This arises from emotions such as the wish to perform well at work, or do well in competitive hobbies and sports. This is not necessarily a bad form of stress, as it helps with personal development and achievement. There is also another type of acute stress, often caused by the pressures of everyday life. An overload of work can trigger stress, as can family and relationship worries, or concerns about health. This kind of stress is unpleasant and can certainly have the effect of destabilising blood sugar.
This also comes under the heading of ‘acute’ and is often made up of several negative states of emotion running together. The main ones are anxiety, depression, frustration and anger. If these emotions remain with you for more than a short period of time, they can begin to present themselves in the form of physical conditions. Issues such as gastric reflux, heartburn, irritable bowel syndrome, asthma, diarrhoea, migraine and frequent bouts of tonsillitis are all well-known by-products of stress.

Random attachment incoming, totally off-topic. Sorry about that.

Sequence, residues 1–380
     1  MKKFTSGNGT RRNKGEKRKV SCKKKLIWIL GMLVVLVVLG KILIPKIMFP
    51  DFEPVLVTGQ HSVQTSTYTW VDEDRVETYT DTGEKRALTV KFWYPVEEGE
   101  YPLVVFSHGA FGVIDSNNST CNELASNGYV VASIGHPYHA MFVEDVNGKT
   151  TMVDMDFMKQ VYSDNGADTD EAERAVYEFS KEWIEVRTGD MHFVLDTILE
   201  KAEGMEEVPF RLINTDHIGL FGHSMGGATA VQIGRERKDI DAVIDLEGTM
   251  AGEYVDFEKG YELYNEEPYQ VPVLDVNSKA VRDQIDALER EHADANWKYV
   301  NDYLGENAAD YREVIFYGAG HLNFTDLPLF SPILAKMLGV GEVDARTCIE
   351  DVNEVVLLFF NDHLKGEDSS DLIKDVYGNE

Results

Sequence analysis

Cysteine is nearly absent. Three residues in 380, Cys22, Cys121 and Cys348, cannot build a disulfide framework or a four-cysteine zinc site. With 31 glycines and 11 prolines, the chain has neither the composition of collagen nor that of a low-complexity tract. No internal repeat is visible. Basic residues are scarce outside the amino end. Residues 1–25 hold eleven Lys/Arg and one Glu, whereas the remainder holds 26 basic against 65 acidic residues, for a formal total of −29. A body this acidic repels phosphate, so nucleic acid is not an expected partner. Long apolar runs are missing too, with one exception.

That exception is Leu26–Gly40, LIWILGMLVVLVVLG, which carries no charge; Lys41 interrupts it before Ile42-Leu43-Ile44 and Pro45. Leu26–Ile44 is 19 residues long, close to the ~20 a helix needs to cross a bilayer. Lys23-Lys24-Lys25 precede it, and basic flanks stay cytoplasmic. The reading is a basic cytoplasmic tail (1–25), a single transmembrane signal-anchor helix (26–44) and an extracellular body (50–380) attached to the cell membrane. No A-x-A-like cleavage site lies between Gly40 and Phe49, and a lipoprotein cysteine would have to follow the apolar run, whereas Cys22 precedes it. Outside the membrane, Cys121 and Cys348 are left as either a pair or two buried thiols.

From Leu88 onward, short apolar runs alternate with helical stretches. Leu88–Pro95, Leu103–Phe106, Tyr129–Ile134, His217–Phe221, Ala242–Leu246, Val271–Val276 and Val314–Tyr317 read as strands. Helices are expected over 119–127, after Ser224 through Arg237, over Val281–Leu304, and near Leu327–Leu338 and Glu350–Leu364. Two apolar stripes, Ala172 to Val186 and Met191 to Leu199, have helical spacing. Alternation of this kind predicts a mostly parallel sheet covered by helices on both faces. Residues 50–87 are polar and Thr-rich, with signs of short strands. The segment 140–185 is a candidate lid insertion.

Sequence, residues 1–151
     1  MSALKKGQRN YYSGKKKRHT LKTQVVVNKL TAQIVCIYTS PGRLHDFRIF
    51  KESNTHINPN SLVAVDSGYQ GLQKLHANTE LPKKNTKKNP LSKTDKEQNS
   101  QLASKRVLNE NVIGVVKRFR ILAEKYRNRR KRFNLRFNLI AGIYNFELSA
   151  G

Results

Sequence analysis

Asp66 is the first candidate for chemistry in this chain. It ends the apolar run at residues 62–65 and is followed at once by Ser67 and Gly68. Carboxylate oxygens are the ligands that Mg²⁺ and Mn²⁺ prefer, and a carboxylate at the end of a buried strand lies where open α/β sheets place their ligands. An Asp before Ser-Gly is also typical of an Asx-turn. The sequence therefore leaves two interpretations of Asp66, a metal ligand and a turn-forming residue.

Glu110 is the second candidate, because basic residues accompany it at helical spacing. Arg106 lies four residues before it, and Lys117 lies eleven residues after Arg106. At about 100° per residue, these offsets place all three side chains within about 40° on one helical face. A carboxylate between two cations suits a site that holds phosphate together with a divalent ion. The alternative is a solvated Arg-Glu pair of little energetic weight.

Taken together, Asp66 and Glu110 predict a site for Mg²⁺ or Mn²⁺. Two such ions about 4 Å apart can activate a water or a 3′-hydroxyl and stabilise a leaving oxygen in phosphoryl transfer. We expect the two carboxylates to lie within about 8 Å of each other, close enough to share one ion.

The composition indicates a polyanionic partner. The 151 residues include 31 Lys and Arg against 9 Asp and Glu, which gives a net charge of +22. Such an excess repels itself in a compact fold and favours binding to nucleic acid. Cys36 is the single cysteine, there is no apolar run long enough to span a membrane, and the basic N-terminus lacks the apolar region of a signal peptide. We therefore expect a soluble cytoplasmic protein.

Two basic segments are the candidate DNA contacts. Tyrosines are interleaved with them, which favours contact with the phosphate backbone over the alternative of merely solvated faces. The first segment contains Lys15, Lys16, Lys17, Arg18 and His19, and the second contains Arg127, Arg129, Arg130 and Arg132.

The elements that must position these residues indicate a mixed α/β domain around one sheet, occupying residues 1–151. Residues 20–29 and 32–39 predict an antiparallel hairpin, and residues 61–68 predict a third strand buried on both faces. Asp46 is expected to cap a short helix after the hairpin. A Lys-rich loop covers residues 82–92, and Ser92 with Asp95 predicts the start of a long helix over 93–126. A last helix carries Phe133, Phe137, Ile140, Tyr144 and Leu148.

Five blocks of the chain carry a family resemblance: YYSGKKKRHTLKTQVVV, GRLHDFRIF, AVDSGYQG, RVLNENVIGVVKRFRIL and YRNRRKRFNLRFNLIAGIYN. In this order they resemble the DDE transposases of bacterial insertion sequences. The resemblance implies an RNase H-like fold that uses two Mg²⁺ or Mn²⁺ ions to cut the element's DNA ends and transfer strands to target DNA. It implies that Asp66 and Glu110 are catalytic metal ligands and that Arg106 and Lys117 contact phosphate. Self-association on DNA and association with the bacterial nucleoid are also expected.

This is an extremely debilitating condition, which means it can make you very weak. It is often brought on over many years of having to cope with a desperate situation, such as an abusive marriage, living with war, famine, poverty, or any situation that appears to have little chance of resolution. A traumatic event can also trigger chronic stress, sometimes in the form of post-traumatic stress syndrome. It can apply to people who have been caught up in natural disaster, witnessed horrendous situations, survived a terrorist attack, or been involved in a serious accident. It can also be the result of early childhood trauma. The stress itself comes about due to living with recurring memories, or unrelenting misery over a long period of time.